Continued good news in the fight to bust bad software patents: the Patent Office has issued an encouraging office action in the reexamination of the C2 patent, one of EFF's "Most Wanted" patents. The C2 patent claims to cover a “Method and Apparatus for Implementing a Computer Network/Internet Telephone System,” broad enough to essentially wholesale claim using the Internet to call someone’s phone.
The Patent Office has agreed with many of the arguments EFF put forth in its petition for reexamination, and preliminarily found the C2 patent invalid as obvious. This first office action is non-final, which means that C2 still has the chance to respond and make its own argument in support of its patent. While this office action is not a final victory, it’s an important first step in busting a patent that stifles innovation and the use of VoIP as a free speech tool, and further cripples the progress of VoIP developers who seek to ease online communications.
This news comes on the heels of two recent cases highlighting the usefulness of reexamination proceedings like the ones that EFF has used in our Patent Busting Project. In one case, a federal district court in Arizona held that a defendant could use evidence of a Patent Office’s reexamination to help defend against a charge of willful infringement. In the other, a federal district court in Florida refused to enforce an injunction issued against a defendant when the patent under which the injunction was issued was cancelled by the Patent Office during a reexamination proceeding.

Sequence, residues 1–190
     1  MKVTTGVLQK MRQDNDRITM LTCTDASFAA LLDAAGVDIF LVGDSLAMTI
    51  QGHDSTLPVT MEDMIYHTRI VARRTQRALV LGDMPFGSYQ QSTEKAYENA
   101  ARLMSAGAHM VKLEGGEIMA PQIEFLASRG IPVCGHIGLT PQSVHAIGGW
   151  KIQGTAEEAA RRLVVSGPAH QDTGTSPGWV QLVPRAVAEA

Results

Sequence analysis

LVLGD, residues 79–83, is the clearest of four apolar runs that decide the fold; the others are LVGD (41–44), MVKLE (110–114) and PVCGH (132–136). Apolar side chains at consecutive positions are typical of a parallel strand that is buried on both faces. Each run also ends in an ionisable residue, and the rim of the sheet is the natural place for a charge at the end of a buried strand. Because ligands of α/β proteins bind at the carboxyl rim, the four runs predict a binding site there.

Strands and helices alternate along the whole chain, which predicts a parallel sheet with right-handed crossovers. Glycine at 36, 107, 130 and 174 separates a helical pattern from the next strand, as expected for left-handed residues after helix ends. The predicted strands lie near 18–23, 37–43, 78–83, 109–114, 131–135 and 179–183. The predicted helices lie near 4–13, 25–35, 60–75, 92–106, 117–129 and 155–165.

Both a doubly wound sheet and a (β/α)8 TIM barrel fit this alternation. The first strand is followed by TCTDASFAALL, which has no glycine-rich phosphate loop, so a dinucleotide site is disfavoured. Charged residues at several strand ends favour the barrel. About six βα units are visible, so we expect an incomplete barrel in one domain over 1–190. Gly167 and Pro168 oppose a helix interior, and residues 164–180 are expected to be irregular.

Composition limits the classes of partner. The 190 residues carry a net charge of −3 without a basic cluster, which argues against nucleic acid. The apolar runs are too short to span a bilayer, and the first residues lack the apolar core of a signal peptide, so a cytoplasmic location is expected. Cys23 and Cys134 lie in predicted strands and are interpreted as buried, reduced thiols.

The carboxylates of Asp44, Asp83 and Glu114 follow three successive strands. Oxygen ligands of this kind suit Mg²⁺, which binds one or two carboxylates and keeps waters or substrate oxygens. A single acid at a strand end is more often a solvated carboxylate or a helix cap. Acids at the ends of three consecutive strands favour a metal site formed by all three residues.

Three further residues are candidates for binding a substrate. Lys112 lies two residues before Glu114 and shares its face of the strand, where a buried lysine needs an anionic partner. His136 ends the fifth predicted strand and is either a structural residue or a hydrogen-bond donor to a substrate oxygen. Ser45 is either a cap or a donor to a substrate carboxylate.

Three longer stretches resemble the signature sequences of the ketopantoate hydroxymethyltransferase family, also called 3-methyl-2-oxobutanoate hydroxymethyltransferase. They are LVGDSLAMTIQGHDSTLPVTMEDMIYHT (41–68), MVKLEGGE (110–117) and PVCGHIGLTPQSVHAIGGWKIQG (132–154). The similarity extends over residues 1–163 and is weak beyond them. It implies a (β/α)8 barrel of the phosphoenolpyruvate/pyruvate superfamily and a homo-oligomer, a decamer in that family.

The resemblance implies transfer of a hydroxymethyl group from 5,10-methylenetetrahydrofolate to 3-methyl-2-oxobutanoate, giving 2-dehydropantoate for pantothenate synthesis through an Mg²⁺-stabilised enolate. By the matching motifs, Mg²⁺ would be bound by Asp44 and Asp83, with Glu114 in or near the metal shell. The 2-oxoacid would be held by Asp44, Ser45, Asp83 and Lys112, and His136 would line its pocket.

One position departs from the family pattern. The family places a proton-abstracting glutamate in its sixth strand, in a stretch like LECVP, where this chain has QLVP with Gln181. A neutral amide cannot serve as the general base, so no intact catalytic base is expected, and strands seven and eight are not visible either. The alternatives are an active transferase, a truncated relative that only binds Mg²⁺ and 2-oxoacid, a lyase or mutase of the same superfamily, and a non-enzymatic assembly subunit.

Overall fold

The C2 patent was one of the ten original Top Ten Patents targeted by EFF’s Patent Busting Project, which combats the chilling effects of bad patents on the public and consumer interests. So far nine patents targeted by EFF have been busted, invalidated, narrowed, or had a reexamination granted by the Patent Office.